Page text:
The Oregon Department of Justice conceded Monday that convictions on at least 269 cases should be tossed out following a U.S. Supreme Court ruling last month. The court found in Ramos v. Louisiana that convictions by non-unanimous juries in state criminal courts violate the Constitution.

While the case before the court was out of Louisiana, Oregon was the last state in the country to allow non-unanimous convictions in felony, non-murder cases. Before that ruling, juries could convict defendants by 10-2 and 11-1 verdicts, a practice that was based in discrimination and racism because it made it easier to convict defendants of color and silence perspectives of jurors of color.

The 269 cases likely represent just a small number of the total cases that could be affected.

“These lists are likely not a complete account of cases that will require reversal, but they represent the cases that the Department of Justice has been able to identity based on the information we have,” Oregon Solicitor General Benjamin Gutman wrote to state court officials.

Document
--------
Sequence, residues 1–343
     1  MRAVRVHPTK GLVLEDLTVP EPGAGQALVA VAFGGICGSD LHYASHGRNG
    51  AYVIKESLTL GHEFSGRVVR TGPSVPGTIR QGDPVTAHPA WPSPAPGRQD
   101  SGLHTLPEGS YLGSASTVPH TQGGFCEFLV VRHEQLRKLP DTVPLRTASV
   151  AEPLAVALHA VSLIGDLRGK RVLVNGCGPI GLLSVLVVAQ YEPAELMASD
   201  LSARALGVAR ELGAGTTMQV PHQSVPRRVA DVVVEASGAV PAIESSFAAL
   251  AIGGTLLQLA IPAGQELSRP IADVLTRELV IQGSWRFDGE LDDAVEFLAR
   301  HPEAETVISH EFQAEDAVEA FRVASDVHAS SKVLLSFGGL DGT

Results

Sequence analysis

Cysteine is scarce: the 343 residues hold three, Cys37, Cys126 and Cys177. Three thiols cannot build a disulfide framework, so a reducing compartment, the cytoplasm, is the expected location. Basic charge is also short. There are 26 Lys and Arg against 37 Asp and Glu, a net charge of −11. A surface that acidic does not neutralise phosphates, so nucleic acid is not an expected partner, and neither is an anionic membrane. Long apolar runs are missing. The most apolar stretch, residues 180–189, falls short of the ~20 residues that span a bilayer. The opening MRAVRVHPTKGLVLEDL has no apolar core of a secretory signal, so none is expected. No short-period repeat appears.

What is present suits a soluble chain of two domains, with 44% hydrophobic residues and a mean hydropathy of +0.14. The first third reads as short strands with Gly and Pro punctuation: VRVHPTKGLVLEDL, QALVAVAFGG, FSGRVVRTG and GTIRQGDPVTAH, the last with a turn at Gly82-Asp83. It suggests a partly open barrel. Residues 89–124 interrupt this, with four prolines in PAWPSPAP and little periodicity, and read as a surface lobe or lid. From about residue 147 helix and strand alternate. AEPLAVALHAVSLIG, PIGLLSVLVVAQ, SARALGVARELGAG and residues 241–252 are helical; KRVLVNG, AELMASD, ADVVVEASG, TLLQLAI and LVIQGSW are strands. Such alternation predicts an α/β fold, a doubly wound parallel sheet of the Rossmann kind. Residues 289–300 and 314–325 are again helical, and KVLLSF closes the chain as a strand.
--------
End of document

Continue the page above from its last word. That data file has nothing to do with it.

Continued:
The list of cases presented Monday to the Oregon Supreme Court and the state Court of Appeals are cases on direct appeal. The Justice Department noted some of the cases could require some further litigation if some or all of the charges are unanimous or it’s unknown because the jury wasn’t polled on how they voted.

The cases cover a wide range of criminal charges, from sodomy, burglary and assaulting a public safety officer to drug charges.

The cases still require the approval of judges and justices on either court before the convictions can be reversed.

Some of the defendants are serving sentences in prison, others are on parole or probation, while others still have served their sentence and could be paying restitution.

Many of the cases could be sent back and retried by local district attorneys. In other cases, prosecutors could choose not to retry the case, effectively dropping the charges.

Oregon courts have been reduced to only their essential functions because of the COVID-19 pandemic. These cases will further strain the backlogged court system once more normal operations resume.